Recommender systems are information filtering systems that provide suggestions for items that are most pertinent to a particular user. They refer to various decision-making processes, such as what product to purchase, what music to listen to, or what online news to read. Quite handy when you need to choose an item from a potentially overwhelming number of items that are offered.
But recommender systems can be biased. Bias in recommender systems may negatively affect users as well as producers. In recent years, many examples have been reported of recommender systems that discriminate against, for example, people of certain genders or race. More knowledge is needed about how to measure and mitigate bias in recommender systems.
Making bias visible
Recently, there has been substantial research undertaken on the role of fairness in recommendation systems. Sudniks thesis draws attention to variables affecting fairness evaluation of a recommendation system such as chosen definition of fairness, learning algorithm in use, ranking positions considered, and the amount of feedback loops already computed. With a focus on book recommendations and female writers as the minority groups, Sudnik has designed a clever experimental set-up with several models and fairness metrics.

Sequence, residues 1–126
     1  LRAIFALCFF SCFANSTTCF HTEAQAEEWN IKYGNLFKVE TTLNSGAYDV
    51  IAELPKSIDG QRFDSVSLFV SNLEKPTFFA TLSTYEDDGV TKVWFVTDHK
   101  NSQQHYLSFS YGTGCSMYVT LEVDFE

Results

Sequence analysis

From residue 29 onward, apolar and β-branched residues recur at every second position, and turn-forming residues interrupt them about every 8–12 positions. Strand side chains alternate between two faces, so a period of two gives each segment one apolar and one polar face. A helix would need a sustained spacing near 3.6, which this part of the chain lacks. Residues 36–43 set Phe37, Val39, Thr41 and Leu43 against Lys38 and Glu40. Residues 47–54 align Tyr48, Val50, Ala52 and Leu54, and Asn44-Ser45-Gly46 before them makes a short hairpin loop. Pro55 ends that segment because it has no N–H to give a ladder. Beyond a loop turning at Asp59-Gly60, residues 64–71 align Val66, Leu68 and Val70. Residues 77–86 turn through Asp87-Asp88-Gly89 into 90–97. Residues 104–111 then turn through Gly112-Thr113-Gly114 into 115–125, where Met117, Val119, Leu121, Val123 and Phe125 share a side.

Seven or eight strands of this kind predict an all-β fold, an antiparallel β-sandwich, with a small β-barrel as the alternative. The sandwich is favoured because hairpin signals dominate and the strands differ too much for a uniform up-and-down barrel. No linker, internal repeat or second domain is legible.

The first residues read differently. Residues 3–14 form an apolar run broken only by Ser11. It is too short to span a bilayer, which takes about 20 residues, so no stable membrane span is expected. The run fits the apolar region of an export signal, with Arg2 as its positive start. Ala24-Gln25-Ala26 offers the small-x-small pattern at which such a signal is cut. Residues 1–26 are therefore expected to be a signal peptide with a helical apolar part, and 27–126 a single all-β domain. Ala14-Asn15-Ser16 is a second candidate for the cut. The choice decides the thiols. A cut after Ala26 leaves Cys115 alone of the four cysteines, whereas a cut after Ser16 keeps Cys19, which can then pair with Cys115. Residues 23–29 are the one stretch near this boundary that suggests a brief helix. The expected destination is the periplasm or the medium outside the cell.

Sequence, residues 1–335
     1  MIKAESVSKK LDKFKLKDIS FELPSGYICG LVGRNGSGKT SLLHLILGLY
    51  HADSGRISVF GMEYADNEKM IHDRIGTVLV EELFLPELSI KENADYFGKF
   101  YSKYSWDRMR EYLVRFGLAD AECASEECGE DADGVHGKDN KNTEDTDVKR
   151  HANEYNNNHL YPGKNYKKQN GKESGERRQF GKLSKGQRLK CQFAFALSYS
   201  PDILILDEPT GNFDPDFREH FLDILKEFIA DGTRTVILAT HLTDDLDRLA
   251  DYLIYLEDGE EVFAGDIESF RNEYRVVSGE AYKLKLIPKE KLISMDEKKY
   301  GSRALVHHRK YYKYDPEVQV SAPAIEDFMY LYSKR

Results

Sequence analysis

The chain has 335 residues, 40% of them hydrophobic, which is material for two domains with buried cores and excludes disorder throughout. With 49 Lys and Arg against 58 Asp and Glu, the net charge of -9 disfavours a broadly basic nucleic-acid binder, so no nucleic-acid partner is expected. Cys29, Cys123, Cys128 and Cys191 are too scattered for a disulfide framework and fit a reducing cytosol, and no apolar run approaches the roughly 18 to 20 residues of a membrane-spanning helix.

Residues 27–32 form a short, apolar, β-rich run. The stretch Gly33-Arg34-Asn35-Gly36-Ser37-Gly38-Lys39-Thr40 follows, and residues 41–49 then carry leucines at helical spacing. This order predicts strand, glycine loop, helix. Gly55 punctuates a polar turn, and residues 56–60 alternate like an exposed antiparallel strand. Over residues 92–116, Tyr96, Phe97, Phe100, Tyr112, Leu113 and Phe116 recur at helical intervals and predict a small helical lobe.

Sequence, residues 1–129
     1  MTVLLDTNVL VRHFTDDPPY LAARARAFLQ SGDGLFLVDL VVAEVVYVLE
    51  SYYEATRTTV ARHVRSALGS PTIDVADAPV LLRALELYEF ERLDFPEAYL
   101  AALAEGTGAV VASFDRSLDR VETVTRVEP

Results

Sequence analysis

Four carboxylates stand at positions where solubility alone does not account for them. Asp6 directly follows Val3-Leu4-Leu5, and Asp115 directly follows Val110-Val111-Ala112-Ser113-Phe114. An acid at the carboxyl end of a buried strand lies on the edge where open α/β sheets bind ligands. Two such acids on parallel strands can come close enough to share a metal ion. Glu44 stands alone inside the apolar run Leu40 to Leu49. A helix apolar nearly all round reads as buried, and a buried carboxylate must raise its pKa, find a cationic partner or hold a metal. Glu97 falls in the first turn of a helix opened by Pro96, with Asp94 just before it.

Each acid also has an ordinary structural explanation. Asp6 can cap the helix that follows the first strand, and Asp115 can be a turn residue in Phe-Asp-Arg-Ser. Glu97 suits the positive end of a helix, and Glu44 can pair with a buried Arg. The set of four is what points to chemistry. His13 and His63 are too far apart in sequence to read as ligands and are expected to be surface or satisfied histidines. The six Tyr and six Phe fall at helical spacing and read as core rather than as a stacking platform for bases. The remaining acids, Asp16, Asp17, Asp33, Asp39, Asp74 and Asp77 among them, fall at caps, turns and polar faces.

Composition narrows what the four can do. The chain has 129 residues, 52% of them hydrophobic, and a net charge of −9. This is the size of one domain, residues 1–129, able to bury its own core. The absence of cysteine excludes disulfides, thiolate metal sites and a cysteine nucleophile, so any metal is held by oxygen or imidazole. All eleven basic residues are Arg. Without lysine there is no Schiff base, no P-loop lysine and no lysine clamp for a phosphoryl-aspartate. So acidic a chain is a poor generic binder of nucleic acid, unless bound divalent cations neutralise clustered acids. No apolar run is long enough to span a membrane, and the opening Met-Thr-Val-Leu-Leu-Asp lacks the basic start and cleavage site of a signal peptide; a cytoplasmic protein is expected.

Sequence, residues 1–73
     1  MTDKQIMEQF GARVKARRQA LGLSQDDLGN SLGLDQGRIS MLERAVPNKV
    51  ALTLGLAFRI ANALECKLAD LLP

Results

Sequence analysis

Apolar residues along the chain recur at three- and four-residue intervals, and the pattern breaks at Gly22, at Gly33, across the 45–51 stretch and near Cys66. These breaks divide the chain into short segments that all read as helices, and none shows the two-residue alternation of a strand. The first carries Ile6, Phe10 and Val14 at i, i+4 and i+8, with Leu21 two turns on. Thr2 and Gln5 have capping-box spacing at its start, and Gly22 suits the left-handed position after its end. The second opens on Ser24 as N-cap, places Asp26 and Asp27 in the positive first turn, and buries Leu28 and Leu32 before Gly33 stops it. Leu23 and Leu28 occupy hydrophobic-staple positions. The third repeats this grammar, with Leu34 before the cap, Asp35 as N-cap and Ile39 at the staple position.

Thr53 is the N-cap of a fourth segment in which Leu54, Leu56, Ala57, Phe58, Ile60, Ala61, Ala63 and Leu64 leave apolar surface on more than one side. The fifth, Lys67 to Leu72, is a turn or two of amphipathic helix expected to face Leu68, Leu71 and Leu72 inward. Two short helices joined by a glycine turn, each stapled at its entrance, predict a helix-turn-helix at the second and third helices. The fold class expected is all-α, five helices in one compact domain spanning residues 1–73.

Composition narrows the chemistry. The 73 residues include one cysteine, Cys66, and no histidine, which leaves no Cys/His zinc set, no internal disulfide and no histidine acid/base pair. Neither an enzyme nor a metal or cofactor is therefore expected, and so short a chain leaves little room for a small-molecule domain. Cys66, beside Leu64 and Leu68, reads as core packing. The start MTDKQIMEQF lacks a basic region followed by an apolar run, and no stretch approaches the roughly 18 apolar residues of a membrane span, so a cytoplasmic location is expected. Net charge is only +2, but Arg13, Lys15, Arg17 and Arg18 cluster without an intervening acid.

The reviewers from Amsterdam Data Science were impressed by the work and considered the choice of methods to be excellent. “The thesis takes a clear approach to make such a bias visible, and provides an insightful discussion of the implications of this work by the use of different definitions of fairness, and providing detailed insights on the tradeoffs and factors to consider to address such complex issues.”